The Trowbridges of Binghamton…Emily, and her husband, John Jasper Trowbridge and their spinster daughters, Grace and Emma were all brought back to Auburn, New York to be buried in their family plot in Fort Hill Cemetery.  North Street Cemetery had long been disregarded as suitable and Fort Hill held the ‘new’ pioneer burials with all of the grand monuments.   Would Lillian have been brought ‘home’ to rest with her Jennings family members in North Street Cemetery?  Could she have died in Auburn and not in the Brooklyn area?  Was she buried in Brooklyn or her hometown of Auburn?  Nothing. No death records. No burial records. No obituaries or death notices.  Anywhere.  Just unanswered questions lurking everywhere.    Lillian’s fate remains a mystery despite my best efforts.  I keep at it…blurry eyed, out of ideas, yet still believing that I will find her.    Perhaps that energy and faith lives in the ether.

Emily Comes Home

Dad, his Uncle George and Uncle George's Aunt Harriett Jennings White. Two of my brothers play at their feet.  Four generations!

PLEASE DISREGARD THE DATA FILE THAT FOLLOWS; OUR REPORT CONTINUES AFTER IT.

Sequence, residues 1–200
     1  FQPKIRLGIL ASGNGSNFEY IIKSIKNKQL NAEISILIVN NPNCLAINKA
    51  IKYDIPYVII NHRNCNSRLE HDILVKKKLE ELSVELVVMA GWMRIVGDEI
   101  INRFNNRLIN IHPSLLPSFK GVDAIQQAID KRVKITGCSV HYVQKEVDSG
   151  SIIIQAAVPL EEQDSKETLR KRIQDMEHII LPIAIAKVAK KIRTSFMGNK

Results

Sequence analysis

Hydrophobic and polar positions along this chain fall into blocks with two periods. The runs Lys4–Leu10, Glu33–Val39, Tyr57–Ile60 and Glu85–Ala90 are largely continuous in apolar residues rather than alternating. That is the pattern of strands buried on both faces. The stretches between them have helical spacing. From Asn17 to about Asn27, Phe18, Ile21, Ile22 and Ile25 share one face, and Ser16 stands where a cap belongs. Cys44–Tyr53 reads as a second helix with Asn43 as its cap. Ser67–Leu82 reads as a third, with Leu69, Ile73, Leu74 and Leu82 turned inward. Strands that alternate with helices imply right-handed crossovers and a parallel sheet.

Dad, his Uncle George and Uncle George’s Aunt Harriett Jennings White. Two of my brothers play at their feet. Four generations!

One of two Jennings photos I have is one of Lillian’s sister, Harriet Jennings White. She lived in Auburn all of her life and died in 1940. My father visited her quite often and I am fortunate to own the original photo of Harriet taken around 1936 with my father, his Uncle George Martin (my grandfather Albert’s brother) and two of my older brothers. The other photo I have is gift from an individual who found it among her great aunt’s belongings. It is of Grace Trowbridge.  Her cabinet card was tucked among her schoolmate’s memorabilia for over a century only to be found by her schoolmate’s granddaughter.  She discovered my blog and reading about Emily and her daughter, Grace, sent Grace’s photo to me to once again be part of family.  Grace’s cabinet card is framed and hung in my gallery among her extended family members.  She is home.

Emily Russell Jennings Trowbridge

Emily Russell Jennings Trowbridge

Recently I was offered another family treasure…a gift…by another historian who found the cabinet card of Emily Russell Jennings…Mrs. John J. Trowbridge in an antique shop near her home.  Vicky is an historian herself and makes a point of rescuing the random orphan image and sets about to find family of the subject.  A thoughtful (and kindred) spirit, she dug in to the Trowbridge research and came upon my blog and sent me an inquiry.  On the back of the cabinet card is gold stamped “Mrs. J. J. Trowbridge.  Binghamton, NY”.  Was I family?   It was the most stunning moment because I had been looking into my Jennings material at that very moment with the hope that a new source had become available and perhaps I might find Lillian.